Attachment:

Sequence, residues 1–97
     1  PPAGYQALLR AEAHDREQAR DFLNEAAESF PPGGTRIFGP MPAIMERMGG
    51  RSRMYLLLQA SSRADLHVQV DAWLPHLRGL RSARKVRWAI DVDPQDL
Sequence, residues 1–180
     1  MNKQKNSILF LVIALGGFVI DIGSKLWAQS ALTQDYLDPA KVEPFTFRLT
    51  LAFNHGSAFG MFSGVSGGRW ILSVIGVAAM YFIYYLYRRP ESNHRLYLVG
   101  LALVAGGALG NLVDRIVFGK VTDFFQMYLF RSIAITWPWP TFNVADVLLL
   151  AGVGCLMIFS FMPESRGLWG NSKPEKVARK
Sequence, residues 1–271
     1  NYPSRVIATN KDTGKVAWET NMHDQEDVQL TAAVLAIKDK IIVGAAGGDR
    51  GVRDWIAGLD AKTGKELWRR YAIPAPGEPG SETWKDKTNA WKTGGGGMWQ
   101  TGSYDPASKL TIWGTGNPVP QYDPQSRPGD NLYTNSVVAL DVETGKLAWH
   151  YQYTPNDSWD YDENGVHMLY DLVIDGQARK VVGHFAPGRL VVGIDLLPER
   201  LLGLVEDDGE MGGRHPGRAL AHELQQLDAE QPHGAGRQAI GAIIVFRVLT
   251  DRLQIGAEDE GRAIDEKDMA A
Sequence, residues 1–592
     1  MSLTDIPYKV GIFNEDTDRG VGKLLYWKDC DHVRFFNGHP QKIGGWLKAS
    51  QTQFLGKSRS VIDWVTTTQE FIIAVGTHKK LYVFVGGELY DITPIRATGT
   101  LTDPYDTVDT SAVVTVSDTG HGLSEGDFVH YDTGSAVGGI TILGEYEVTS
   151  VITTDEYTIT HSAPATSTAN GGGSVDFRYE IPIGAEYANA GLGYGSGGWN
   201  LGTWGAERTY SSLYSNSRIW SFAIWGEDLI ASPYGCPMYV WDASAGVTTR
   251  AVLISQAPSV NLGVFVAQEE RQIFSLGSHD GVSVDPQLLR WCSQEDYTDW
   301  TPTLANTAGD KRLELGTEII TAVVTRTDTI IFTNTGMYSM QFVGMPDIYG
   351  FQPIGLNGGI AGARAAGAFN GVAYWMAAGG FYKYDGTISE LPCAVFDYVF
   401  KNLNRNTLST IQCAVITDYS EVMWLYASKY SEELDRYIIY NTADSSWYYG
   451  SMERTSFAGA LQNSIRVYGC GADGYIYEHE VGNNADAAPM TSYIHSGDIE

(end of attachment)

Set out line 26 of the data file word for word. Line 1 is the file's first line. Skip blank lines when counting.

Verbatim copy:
   451  SMERTSFAGA LQNSIRVYGC GADGYIYEHE VGNNADAAPM TSYIHSGDIE